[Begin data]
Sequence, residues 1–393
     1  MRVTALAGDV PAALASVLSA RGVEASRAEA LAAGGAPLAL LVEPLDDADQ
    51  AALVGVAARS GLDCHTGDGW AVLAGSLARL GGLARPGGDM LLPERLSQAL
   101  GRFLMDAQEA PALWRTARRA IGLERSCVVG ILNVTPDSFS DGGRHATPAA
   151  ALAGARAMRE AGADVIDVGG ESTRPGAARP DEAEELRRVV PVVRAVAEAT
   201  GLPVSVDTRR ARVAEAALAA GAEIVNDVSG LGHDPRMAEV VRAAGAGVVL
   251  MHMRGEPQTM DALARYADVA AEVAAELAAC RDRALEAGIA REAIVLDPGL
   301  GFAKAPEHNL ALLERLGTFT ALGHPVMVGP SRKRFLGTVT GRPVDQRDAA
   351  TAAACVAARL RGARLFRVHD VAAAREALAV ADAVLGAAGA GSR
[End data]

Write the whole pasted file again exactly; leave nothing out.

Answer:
Sequence, residues 1–393
     1  MRVTALAGDV PAALASVLSA RGVEASRAEA LAAGGAPLAL LVEPLDDADQ
    51  AALVGVAARS GLDCHTGDGW AVLAGSLARL GGLARPGGDM LLPERLSQAL
   101  GRFLMDAQEA PALWRTARRA IGLERSCVVG ILNVTPDSFS DGGRHATPAA
   151  ALAGARAMRE AGADVIDVGG ESTRPGAARP DEAEELRRVV PVVRAVAEAT
   201  GLPVSVDTRR ARVAEAALAA GAEIVNDVSG LGHDPRMAEV VRAAGAGVVL
   251  MHMRGEPQTM DALARYADVA AEVAAELAAC RDRALEAGIA REAIVLDPGL
   301  GFAKAPEHNL ALLERLGTFT ALGHPVMVGP SRKRFLGTVT GRPVDQRDAA
   351  TAAACVAARL RGARLFRVHD VAAAREALAV ADAVLGAAGA GSR